This page is for various miscellaneous information about things that doesn’t fit into any of the other pages.

Rating system (for reviews of media):

This is a breakdown of the rating system I use for reviews. The direct score one gives to something matters less than how the score is interpreted, so for anyone confused about how my ratings work, here is an explanation:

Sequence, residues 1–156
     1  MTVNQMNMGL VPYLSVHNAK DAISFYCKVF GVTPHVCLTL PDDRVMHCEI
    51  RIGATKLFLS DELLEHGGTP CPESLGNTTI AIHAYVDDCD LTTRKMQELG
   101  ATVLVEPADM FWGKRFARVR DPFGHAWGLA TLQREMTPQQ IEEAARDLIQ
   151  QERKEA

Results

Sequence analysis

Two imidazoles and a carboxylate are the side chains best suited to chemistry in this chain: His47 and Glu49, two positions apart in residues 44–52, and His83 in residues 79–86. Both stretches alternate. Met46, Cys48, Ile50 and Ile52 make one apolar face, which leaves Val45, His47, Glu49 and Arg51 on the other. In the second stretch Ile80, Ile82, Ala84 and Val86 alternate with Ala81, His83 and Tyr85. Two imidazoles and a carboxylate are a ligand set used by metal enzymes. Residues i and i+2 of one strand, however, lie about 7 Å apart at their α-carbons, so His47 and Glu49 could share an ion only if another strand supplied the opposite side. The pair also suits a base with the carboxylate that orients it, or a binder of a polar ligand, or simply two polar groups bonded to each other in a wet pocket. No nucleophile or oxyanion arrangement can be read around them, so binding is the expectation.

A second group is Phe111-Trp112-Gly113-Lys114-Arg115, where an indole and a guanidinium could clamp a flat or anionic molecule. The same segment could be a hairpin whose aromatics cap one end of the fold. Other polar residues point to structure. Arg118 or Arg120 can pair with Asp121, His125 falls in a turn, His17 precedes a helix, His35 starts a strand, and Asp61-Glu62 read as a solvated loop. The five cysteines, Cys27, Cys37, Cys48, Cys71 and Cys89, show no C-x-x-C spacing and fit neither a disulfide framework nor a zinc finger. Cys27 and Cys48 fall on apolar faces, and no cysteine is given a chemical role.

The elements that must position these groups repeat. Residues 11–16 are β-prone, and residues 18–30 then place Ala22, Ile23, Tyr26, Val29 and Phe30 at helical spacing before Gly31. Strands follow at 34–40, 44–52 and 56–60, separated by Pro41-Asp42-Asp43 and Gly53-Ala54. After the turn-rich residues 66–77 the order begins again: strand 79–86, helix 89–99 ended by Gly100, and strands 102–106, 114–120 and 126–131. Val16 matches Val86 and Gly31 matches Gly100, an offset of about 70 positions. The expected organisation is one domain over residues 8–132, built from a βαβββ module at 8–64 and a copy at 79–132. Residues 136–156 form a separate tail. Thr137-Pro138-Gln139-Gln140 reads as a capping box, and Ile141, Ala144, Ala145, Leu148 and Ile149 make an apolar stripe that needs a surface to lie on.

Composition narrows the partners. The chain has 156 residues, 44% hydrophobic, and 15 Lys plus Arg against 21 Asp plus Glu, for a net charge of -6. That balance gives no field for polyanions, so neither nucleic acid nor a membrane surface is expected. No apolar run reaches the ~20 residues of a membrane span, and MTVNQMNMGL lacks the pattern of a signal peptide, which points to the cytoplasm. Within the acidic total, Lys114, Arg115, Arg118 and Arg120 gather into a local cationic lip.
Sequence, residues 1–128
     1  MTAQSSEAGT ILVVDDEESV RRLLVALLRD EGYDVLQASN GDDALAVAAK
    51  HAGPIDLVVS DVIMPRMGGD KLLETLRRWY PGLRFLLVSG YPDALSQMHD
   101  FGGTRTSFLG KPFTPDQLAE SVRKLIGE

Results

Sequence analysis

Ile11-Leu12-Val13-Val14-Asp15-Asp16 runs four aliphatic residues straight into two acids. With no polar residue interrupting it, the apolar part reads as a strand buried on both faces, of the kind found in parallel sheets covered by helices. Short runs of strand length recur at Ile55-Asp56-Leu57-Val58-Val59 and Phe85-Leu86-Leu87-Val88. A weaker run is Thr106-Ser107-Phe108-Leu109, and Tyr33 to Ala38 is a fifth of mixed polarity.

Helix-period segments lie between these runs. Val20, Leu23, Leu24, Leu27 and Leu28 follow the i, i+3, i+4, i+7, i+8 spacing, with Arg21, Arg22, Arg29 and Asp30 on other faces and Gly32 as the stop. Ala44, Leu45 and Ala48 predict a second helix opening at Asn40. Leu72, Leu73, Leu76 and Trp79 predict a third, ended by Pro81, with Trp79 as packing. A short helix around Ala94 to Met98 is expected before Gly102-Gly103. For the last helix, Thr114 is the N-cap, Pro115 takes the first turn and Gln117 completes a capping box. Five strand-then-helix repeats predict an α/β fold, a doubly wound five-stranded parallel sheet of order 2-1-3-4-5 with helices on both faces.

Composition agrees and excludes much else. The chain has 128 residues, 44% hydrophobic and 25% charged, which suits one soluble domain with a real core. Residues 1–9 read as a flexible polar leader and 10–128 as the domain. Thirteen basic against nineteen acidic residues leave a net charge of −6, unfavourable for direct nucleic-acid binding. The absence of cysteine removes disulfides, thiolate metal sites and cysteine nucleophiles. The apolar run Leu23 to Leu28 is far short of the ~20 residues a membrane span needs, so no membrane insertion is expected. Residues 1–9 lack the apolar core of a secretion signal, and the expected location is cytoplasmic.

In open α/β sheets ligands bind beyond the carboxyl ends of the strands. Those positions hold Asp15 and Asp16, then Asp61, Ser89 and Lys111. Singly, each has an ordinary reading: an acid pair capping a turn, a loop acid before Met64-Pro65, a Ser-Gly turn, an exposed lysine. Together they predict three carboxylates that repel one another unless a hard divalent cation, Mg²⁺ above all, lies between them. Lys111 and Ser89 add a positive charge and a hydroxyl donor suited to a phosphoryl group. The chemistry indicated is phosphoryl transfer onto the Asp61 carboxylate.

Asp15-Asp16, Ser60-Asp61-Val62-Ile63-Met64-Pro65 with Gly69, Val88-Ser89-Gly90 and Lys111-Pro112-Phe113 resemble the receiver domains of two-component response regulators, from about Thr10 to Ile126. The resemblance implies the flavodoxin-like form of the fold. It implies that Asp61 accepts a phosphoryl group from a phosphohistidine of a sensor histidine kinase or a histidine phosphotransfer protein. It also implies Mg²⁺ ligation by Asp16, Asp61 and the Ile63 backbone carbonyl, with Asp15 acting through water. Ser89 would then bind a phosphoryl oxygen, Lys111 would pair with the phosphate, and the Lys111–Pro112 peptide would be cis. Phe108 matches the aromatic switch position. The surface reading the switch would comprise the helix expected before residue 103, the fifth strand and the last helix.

9: Outstanding. This is reserved for only the absolute best, the Mary Poppins of media: practically perfect in every way. That does not mean that they are completely perfect; they may still have a few moments that were less than enjoyable, but not enough to make a significant dent in the quality. I don’t believe there is such a thing as a game, book, or movie that is absolutely perfect in every way. In fact, if I ever actually came across such a game, literally perfect, without the slightest flaw, then I would officially consider it to have broken my rating scale and earned a 10. Normally, there is no 10 on this scale, but I’d be willing to make an exception in that case. But it will probably never happen. Heck, I’ve never even had anything that I’d give a 9, at least so far. I’ve played at least one video game that was basically two or three annoying gameplay mechanics away from getting one, but as the saying goes, “almost” only counts in horseshoes. Something worthy of a 9 would most likely be my favorite insert-form-of-media-here ever and one that I would suggest everyone try.